I Am A Transwoman. I Am In The Closet. I Am Not Coming Out.
Jennifer Coates
2.1K479

This hit really close to home for me. I’ve never been able to put into words what I felt like when it came to my trans identity. I remember being young and very clearly not identifying with girly things, so I gravitated to the “default” boy things and for a long time that’s just how I thought about it. I told myself that I didn’t want to be a boy, that I just didn’t want to be girly.

Then I hit puberty. I got my period. It felt like I’d been on a boat that was anchored to dock and all of a sudden nature had just chopped the rope connecting me to shore and there was no going back. I was just going to be swallowed up by the deep sea. The ax had come down and I was firmly planted on the wrong side, so I stole sanitary products from the church and from neighbors until my mother came in to chide me for being so grumpy the past coupe days and found me with my pants around my ankles, sobbing.

It feels weird but I didn’t think about it as much after that. All I knew is that in all my dreams, imaginary scenarios, and games I was a boy. I didn’t have friends those years, so I didn’t have to bother about thinking about myself in terms of other people. Online I could pass as a faceless entity without putting thought into it.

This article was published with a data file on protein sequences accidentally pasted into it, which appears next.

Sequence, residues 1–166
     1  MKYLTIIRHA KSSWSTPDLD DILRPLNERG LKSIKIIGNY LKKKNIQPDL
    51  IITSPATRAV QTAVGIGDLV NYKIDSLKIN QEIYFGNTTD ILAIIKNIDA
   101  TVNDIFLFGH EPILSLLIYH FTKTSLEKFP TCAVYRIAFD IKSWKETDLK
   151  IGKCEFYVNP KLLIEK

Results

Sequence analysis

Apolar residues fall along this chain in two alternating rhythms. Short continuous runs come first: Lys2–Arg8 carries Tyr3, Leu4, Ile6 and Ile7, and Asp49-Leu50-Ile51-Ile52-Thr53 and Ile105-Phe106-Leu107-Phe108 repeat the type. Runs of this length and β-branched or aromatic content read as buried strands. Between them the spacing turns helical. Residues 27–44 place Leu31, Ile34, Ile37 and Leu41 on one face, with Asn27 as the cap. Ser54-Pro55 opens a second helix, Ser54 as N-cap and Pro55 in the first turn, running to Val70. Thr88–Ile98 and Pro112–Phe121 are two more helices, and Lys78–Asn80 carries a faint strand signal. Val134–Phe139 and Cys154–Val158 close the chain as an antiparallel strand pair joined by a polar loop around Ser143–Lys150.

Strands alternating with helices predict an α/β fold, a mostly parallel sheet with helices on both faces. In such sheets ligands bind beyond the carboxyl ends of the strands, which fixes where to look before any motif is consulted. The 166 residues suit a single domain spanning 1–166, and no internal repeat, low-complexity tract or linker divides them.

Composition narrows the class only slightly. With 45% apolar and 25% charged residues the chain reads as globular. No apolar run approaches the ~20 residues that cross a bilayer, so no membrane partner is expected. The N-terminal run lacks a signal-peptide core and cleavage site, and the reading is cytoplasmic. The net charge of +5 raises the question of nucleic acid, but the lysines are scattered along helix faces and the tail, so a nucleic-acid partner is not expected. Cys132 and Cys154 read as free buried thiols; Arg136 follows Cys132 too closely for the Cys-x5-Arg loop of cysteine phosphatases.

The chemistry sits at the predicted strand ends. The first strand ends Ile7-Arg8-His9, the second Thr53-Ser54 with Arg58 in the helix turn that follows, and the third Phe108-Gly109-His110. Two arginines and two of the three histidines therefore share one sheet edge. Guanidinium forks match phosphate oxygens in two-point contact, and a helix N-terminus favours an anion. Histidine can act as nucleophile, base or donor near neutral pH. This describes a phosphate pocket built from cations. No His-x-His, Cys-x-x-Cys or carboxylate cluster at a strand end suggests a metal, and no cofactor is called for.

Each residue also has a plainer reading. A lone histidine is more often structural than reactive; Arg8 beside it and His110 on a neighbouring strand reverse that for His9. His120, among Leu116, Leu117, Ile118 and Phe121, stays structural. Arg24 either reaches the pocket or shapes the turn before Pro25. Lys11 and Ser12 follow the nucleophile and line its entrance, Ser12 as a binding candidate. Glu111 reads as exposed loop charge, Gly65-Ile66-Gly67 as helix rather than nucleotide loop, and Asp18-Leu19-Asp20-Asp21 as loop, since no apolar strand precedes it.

I started dressing up in drag on halloween for “fun” and packing at home when no one was around. I didn’t dare buy anything actually built for that- i just got some socks that were rolled up just right. I wore boxers instead of panties.

Introduction into the LGBTQA and feminist communities came late for me. I was raised in the south in a very conservative household and I mostly tried to mimic my parents views to avoid getting shouted at but at night I’d have dreams about being a boy and my entire family cheering me on and telling me how proud they were of me.

When I did get into those communities there was so much confusion and disapproval concerning men and maleness that if anything it distanced me more from my “manhood” than my childhood did. Whereas before I felt a thrill whenever someone mistook me for a boy (I could count them on one hand), now I felt ashamed. Using “he” felt wrong, like I was part of some weird gender south park type satire. Like I was a punchline.

And that’s where I am now kind of. This whole thing resonated with me, but one part in particular “a girl with a boyhood”. It feels like someone’s finally given me to words to express how I feel about masculinity and my own identity. I’m a boy with a girlhood, and there are so many nuances to masculinity that I’ve missed out on. I only know it from the other side.

And honestly? The thing that has helped me most hasn’t been the stuff you’d expect. If I had to choose something, it’d be some of my cis guy friends who I’m not even out to yet. As cliche as it sounds I’m treated as “one of the guys” just another friend, and they don’t filter their thoughts or discussions around me. It’s like I’m finally getting to sneak into a late showing of the childhood boy experience I missed out on. The side of masculinity I never got to experience. And if we’re being honest, I don’t know how they’d react knowing this about me. I don’t plan on ever finding out. And maybe that’s why. It’s so casual. There’s no discussion or dancing around topics. I can just be for a while. And it’s done so much.

I don’t know I kind of went off track here. This article just really means a lot to me and I wanted to share a bit.

One clap, two clap, three clap, forty?

By clapping more or less, you can signal to us which stories really stand out.